MacEdward Leach and the Songs of Atlantic Canada
Cha Bhith Mi Buan 's Tu Bhith Bhuam
(I Will Not Survive With You Gone)
Malcolm Angus MacLeod CB 1 Tape 8 Track 7
Skir Dhu Audio:
Milling Song

Gaelic

Cha bhith mi buan 's tu bhith bhuam
Thug mi luaidh òg dhut
Cha bhith mi buan 's tu bhith bhuam.

Chi mi bata 'dol seachad
Muir a'sgapadh mu 'bòrdan.

'S mar a deachaidh mi mearachd
Bha mo leannan air bòrd innt'

Bha mo leannan 'ga stiùreadh
Oigear ur a chùil bhòidhich.

'S e do bhòidsichean fada
Sgaoil a Lochlann a leòn mi.

'S do thurus do'n bhaile
Dh'fhàg mi 'cadal 'nam ònar.

'S e do thurus a dh'Eirinn
Dh'fhàg fo eislean ri'm bheò mi.

Ach na faicinn thu tighinn
'S mi gu ruitheadh 'nad chonneamh.

Ged bhiodh reòthadh glè chruaidh ann
Sneachda fuar air a'mhòine.

Làmh as grinne ni sgrìobhadh
Làmh a chuidhleadh na ròpa.

English

I will not survive with you gone
I have loved you since I was young
I will not survive with you gone.

I see the boat as she passes
The sea splashing round her decks.

And if I am not wrong
My sweetheart was on board.

My love was at the wheel
The young lad of the handsome face.

It was your acts of stupidity
That Lachlann spread that hurt me.

It was your trip to the town
That left me sleeping on my own.

it was your visit to Ireland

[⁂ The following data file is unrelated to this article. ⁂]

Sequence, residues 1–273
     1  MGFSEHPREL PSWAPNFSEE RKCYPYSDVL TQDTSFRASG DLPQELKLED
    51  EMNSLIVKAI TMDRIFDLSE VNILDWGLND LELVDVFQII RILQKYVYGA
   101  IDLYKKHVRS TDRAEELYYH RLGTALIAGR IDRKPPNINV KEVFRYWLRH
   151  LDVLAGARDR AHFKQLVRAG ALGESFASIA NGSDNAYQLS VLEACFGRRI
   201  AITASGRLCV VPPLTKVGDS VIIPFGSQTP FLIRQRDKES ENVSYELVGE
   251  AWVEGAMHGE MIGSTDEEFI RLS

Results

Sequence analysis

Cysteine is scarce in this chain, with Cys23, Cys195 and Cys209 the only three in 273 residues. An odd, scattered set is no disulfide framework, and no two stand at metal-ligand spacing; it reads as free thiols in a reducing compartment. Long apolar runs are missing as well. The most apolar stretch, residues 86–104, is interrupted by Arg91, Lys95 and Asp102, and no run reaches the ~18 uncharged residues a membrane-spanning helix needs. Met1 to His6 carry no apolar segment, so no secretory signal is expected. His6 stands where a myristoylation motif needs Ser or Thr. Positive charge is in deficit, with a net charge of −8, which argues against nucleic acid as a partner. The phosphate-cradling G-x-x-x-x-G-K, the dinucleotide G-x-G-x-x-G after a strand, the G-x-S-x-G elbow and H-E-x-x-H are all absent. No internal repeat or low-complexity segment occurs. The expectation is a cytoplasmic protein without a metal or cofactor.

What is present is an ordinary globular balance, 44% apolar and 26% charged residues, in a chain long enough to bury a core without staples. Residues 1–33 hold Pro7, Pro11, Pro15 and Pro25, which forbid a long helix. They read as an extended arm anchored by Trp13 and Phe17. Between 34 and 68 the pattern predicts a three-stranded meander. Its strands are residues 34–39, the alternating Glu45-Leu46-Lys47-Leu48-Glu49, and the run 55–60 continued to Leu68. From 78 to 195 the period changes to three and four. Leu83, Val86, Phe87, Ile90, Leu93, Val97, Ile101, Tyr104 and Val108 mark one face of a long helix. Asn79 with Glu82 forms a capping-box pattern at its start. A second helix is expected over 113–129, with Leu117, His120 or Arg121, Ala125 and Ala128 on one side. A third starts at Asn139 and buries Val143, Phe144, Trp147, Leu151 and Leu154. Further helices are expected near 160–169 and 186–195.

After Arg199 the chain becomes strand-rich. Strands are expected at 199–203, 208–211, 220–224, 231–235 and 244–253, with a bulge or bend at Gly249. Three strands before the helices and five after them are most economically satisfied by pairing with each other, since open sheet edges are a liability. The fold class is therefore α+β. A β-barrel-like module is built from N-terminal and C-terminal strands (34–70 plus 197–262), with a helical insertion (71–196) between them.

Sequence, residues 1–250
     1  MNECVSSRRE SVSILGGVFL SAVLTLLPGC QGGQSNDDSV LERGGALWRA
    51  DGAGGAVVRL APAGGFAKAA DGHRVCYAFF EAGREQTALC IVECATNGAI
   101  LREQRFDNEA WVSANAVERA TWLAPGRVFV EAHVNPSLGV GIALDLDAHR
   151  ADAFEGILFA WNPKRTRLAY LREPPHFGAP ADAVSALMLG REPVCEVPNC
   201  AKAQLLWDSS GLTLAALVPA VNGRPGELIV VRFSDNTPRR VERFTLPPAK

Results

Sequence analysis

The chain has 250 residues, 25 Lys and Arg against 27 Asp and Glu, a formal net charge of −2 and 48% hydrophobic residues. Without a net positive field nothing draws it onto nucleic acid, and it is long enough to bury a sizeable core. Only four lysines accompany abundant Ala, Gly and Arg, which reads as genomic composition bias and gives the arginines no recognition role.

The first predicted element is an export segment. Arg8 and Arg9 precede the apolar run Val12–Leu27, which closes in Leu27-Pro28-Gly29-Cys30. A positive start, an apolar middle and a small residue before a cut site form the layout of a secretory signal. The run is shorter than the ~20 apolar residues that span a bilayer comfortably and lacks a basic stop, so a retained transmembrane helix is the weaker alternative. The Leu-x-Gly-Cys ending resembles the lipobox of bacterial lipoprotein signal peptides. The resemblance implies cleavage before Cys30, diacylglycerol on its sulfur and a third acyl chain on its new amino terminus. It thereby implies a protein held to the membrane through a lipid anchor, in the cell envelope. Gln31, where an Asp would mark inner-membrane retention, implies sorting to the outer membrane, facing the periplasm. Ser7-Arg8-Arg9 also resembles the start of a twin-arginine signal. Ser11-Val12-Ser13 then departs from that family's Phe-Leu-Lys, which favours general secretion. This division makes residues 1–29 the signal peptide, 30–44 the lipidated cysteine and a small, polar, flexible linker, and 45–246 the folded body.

That will grieve me forever.

But if I saw you coming
I would run to meet you.

I would run to meet you
On my bare feet without shoes.

Although it were freezing hard
With cold snow on the moor.

Your hand writes neatly
The hand that winches the ropes.


Notes

This song has frequently been referred to by Cape Breton Gaelic speakers as an “Old Cape Breton Milling Song.” This is more than likely a reference to its origins as a milling song in Scotland. The verses all appear in couplet form and the subject matter is clearly female, leading one to believe that it would have been classified generically as a milling song even before it was brought to Canada. In Cape Breton, songs of various genres were incorporated into the milling canon. Others, such as this one however, have persisted as such in over hundreds of years.

This song has been in various regions in Scotland and Cape Breton. A similar melody to the one which is presented here may also be heard from recordings of the late Christina Shaw, a native of the Island of Harris in the Outer Hebrides, where many of Malcolm Angus’ own family originated.

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